Who are Buddhists?

The easiest answer to the question of who is a Buddhist is anyone who identifies as such. We might however query this statement if the beliefs, values and behaviour of the person bore no resemblance to anything associated with the term Buddhist or if they had no connections with any Buddhist community. As with any such identification, being a Buddhist can mean many different things. For many it means having been born into a Buddhist family with roots in a majority-Buddhist country, so is linked with ethnic and cultural identity. For others, with different family backgrounds, it might have been a choice in adulthood, and less about ethnicity and culture and more about personal experience, values and beliefs.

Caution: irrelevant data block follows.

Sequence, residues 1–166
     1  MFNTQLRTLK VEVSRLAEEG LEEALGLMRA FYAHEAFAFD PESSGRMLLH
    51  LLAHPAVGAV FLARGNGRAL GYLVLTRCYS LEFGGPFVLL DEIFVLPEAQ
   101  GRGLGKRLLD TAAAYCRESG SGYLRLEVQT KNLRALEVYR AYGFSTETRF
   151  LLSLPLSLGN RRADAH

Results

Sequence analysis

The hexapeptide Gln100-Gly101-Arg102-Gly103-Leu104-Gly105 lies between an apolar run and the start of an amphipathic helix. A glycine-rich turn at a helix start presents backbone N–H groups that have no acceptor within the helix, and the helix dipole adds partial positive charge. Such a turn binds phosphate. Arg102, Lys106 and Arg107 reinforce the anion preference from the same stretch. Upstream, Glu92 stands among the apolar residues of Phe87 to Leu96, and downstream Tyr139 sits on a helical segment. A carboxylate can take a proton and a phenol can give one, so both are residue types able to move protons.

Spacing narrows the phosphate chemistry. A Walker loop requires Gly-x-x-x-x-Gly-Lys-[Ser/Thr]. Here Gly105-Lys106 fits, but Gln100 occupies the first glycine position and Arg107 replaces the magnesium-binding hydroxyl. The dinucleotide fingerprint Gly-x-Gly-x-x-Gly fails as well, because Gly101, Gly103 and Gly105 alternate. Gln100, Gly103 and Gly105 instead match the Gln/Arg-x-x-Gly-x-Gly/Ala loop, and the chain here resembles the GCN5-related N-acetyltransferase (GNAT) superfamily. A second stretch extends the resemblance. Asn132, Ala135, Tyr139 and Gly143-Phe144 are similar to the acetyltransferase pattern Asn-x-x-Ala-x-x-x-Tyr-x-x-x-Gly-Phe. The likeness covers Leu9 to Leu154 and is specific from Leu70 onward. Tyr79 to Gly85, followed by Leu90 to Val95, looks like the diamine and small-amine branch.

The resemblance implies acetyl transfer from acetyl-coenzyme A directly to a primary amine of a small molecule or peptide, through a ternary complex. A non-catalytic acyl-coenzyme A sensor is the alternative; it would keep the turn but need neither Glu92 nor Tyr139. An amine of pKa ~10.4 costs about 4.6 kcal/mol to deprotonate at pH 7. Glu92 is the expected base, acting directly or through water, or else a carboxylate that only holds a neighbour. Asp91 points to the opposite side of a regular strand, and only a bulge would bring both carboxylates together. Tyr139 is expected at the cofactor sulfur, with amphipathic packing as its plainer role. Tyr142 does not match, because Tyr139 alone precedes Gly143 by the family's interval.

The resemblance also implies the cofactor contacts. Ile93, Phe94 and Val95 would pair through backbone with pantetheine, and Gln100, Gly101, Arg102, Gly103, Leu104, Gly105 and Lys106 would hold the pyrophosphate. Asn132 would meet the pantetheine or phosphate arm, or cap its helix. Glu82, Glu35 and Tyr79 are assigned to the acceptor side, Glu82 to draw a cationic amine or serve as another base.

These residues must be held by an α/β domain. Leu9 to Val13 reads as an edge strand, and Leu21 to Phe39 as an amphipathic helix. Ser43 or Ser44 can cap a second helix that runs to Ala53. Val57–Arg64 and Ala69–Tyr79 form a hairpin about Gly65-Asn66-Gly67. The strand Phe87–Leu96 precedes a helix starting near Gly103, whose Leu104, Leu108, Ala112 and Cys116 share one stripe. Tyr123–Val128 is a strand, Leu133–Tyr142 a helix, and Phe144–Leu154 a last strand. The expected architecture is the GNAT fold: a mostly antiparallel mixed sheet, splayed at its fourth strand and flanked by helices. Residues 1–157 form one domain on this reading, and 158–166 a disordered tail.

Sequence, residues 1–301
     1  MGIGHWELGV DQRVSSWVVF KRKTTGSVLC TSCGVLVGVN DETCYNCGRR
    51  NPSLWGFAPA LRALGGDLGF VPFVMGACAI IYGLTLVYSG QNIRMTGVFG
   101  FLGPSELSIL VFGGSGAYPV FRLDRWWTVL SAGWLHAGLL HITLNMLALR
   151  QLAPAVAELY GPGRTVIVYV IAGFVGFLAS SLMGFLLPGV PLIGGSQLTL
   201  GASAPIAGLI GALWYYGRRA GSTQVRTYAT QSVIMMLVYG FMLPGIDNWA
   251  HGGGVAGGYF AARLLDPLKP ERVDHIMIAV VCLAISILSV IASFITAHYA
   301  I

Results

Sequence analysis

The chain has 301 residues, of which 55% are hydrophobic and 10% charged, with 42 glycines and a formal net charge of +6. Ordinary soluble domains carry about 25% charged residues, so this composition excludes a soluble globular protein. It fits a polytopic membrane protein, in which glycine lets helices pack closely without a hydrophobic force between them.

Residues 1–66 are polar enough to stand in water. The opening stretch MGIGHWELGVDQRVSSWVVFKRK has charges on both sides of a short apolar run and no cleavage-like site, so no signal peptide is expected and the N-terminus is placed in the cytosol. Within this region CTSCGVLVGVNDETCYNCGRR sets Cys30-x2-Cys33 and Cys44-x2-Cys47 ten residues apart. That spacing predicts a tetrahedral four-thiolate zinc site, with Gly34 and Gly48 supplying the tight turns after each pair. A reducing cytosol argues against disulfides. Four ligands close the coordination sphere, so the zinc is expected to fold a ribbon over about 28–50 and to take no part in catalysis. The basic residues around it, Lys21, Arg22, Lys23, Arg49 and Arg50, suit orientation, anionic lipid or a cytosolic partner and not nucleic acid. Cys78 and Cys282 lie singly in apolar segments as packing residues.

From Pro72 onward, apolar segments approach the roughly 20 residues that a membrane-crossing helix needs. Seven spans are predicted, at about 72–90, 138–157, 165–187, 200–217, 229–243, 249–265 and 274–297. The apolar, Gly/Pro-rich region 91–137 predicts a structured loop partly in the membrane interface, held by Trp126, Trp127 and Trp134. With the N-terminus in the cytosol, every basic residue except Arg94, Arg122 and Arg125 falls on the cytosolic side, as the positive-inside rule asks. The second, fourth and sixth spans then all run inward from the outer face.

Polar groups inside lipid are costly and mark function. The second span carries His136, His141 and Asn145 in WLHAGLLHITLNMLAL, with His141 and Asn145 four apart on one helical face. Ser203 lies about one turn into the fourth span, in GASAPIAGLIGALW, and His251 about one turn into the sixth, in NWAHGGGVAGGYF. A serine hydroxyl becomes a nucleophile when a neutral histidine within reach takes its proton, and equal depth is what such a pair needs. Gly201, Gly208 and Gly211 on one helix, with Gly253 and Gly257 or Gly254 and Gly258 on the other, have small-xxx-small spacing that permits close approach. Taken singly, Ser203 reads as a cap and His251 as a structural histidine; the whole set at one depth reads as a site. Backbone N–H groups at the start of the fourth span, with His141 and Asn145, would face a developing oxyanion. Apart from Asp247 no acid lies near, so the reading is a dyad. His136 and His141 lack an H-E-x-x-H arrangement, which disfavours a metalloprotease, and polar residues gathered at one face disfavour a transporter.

Although there are now Buddhists worldwide, Buddhist-majority countries today include Thailand, Sri Lanka, Myanmar, Cambodia, Laos, Bhutan, and Mongolia. Other countries with substantial Buddhist populations are China, South Korea, Malaysia, Singapore, Vietnam, Taiwan, and Nepal. Japan is an interesting case. Though many claim to be secular or non-religious, Buddhism has been, and still is, very influential in Japan. Different sources use different ways of counting who is a Buddhist, and as many people combine elements that might be labelled Buddhist or Shinto or secular in their personal worldview and practice, figures vary between 36% and 67% or even higher if counting all those who include at least something recognisably Buddhist in their lives. This listing of countries soon becomes political. Tibet is a Buddhist-majority country, but claimed as part of China. It is interesting to see which lists include Tibet separately and which do not, and to wonder why, and also (in different ways) Taiwan or Hong Kong. In the past, and especially prior to the expansion of Islam, India, Indonesia and many of the Central Asian ‘silk road’ centres (now in countries such as Afghanistan or Uzbekistan) also had substantial Buddhist populations. Whether the 20% of some lists or the much larger estimates of others, the largest number of Buddhists in the world live in China, whether in the minority areas of Theravada or Tibetan-style Buddhist practice, or within the majority Han population. Roughly three-quarters of all Buddhists in the world follow Mahayana traditions, which is important to remember given the UK tendency to view Theravada as the mainstream.

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